To borrow a phrase from a very different Spanish passion, the concert by flamenco virtuoso Vicente Amigo was a game of two halves.
Tonight's spectacle at Bab al Makina was almost sold out and the audience included flamenco fans from across the generations. It opened with a solo by Amigo, alone on the vast stage but commanding it completely with his presence. Much of the piece sounded improvised and audiences members shouted, gasped and clapped at his inventiveness.
Thereafter, he was joined on stage by a further guitarist, a flamenco vocalist and palmista and an exceptional percussionist. Together, they presented an hour of flamenco excellence. The music was occasionally jazzy, often lamenting and bluesy, and frequently spontaneous and improvised. The success of the performance lay in the constant communication between all four artists and the evident joy with which they played together to bring their craft to others. Their energy was reciprocated by the audience, with several groups joining in with the flamenco clapping.
For the second part of the show, Vicente and co. were joined by a symphony orchestra of over 25 members conducted by Aziz al Achhab, Director of the Festival dans la Ville for the Fes Sacred Music Festival. The orchestral pieces were very string-biased and rather than complementing the flamenco artists, the arrangement turned something that had been spontaneous and visceral into a blander, diluted version of itself. The whole thing ended up sounding like the soundtrack to a cheesy 1970s romantic film.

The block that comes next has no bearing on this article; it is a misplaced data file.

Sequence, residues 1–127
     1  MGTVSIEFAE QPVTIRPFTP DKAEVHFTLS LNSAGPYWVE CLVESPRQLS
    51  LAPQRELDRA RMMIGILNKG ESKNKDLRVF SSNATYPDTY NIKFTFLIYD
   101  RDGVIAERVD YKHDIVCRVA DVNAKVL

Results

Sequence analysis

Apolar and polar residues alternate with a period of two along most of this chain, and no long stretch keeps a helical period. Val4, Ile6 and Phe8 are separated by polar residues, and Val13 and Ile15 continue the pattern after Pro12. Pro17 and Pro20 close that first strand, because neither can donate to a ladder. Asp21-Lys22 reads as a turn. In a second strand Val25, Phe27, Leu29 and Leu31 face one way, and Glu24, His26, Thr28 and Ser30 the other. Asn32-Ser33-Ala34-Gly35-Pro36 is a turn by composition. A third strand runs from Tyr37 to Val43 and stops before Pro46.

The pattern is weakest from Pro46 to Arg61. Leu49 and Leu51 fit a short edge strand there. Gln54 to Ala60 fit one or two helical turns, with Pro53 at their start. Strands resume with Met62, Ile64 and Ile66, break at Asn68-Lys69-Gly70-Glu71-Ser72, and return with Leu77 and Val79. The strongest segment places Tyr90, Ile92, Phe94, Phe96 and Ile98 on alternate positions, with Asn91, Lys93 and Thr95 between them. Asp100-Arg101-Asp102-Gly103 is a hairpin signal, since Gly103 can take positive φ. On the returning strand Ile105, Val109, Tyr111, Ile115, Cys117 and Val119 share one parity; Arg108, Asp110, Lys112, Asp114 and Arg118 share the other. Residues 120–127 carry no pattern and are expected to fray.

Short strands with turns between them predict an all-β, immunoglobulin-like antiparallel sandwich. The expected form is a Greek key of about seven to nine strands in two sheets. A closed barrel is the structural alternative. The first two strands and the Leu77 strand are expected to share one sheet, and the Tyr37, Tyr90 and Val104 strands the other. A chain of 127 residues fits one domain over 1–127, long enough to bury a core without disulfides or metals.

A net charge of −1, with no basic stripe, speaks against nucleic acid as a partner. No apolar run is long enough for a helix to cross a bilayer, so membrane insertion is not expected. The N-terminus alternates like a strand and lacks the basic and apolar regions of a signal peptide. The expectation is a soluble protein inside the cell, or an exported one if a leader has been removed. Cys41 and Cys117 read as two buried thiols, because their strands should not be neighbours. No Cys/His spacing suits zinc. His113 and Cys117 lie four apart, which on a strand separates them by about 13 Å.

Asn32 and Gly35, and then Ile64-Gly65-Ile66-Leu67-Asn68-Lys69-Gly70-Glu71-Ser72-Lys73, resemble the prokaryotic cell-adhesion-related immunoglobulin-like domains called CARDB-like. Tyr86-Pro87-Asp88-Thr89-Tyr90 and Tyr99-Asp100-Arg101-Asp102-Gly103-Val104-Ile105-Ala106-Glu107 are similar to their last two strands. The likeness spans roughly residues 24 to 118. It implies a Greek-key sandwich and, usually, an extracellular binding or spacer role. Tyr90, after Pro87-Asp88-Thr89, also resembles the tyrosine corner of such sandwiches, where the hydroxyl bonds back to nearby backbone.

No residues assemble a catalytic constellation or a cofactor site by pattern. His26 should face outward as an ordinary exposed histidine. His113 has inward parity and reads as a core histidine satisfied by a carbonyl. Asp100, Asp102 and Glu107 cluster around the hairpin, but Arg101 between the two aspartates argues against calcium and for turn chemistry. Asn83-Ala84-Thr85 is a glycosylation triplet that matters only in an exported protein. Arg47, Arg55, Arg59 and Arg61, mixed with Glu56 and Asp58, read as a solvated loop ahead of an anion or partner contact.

Neither did the Spaniards appear to enamoured with the attempted fusion. Although the capacity audience seemed to like the whole event and were on their feet at the end, this was perhaps another example of where too much fusion can be a bad thing. A full-length concert of the flamenco artists alone, in particular Vicente Amigo, would have done them better justice and would have been enabled the magic created in the first half to continue throughout.
Review and photographs Lynn Houmdi
|The addition of the orchestra failed to impress|